William Neikirk is an award-winning journalist with more than 40 years’ experience as a Washington correspondent, columnist, and editor. Noted for his coverage of political and economic issues, he was chief economics correspondent, White House correspondent during the Carter administration, and Washington Bureau news editor for the Chicago Tribune in the 1970s and early 1980s. He later served as the newspaper’s assistant managing editor for business news in Chicago and then returned to Washington to cover the Clinton White House. Before joining the Tribune, he worked as a reporter for the Associated Press in Lexington and Frankfort, Kentucky; Baton Rouge, Louisiana; and Washington, D.C. His numerous awards include the Merriman Smith Award for presidential reporting. He was a runner-up for the Pulitzer Prize for a series on the impact of foreign trade. His two previous books, both non-fiction, were “Volcker: Portrait of the Money Man” and “The Work Revolution: How High-Tech Is Sweeping Away Old Jobs and Industries and Creating New Ones in New Places.” Now retired, he and his wife, Ruth, both born and raised in Kentucky, live in Northern Virginia.
A letter from bill
I began this book when I was covering the Clinton White House as a reporter in the late 1990’s. As the subway sped down its track from Arlington, Virginia to Washington D.C. , I wrote something every day on my yellow legal pad. I don’t remember how or why I thought of Stella as a character for a story, but she holds qualities of various women I met over the years. As the days went by, her predicament became my predicament on my subway rides.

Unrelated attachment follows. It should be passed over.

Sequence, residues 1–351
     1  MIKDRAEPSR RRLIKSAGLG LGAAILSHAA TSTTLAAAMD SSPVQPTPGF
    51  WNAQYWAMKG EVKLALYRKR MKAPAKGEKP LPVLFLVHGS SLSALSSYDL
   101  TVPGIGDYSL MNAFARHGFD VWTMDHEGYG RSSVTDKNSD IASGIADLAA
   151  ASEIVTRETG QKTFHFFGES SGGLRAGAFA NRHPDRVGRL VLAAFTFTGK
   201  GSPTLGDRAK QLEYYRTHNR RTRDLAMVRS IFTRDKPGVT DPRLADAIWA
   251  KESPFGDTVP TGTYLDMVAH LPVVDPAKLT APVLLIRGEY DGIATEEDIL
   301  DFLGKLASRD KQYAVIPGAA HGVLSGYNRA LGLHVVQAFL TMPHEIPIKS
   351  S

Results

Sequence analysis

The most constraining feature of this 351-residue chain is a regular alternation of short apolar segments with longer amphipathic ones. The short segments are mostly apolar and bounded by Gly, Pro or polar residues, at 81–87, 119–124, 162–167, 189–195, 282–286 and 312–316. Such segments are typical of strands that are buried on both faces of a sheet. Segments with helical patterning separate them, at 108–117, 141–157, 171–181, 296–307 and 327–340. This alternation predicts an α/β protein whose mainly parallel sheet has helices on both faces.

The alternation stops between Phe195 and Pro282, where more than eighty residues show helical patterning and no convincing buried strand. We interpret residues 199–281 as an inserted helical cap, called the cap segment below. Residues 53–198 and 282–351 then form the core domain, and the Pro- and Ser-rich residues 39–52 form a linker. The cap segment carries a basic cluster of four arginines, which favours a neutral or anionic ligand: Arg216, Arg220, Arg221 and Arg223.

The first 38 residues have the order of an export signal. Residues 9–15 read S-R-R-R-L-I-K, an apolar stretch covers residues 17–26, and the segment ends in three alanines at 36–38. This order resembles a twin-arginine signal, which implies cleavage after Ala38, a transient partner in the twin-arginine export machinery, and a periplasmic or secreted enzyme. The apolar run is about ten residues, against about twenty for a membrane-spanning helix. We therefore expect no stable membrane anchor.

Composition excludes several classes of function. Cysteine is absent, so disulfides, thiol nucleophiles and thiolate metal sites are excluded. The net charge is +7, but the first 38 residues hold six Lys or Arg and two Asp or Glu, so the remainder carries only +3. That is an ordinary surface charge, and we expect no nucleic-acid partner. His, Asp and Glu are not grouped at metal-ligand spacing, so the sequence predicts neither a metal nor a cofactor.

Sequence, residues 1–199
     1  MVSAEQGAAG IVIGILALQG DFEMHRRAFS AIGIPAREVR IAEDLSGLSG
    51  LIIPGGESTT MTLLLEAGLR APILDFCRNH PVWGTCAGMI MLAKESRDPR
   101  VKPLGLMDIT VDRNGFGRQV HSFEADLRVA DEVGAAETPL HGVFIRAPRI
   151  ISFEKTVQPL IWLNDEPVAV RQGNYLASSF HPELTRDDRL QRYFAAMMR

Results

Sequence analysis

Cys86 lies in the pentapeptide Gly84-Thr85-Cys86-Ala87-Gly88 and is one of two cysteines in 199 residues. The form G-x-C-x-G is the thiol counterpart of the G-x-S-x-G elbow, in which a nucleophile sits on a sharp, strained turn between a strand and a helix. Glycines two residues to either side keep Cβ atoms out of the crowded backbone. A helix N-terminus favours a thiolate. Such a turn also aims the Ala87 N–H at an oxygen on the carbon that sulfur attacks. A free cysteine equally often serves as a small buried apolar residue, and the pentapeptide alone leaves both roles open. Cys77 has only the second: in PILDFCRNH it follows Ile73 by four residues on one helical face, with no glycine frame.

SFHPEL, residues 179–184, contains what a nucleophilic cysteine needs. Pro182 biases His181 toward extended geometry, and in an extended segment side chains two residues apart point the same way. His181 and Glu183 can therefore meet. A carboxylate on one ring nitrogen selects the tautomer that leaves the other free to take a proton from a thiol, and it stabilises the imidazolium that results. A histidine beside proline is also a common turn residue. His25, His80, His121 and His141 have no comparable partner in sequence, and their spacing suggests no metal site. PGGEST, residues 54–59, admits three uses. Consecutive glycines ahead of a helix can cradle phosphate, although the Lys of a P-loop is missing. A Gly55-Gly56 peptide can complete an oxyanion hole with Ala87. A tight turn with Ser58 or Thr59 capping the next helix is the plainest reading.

I spent my first 18 years in rural Kentucky. My boyhood years never left me, and are an integral part of the landscapes and people dotting the Copperhead Club.
I continued writing the story for fun until September 11, 2001. After the horror of that day, it took a long reprieve before its revival from its yellow pad burial ground.
In 2009 my wife was recovering from knee surgery. She asked me about the story I had started 10 years prior. She had not seen it. I transcribed the notes and handed her a packet of 8x 11papers. She read them, said she was hooked. I told her there were no more pages and that I had no idea how the story would develop. She insisted that I should finish it. So, now, seven years later, I’m offering The Copperhead Club to you.
A word from bill
High School class reunion, Irvin, Kentucky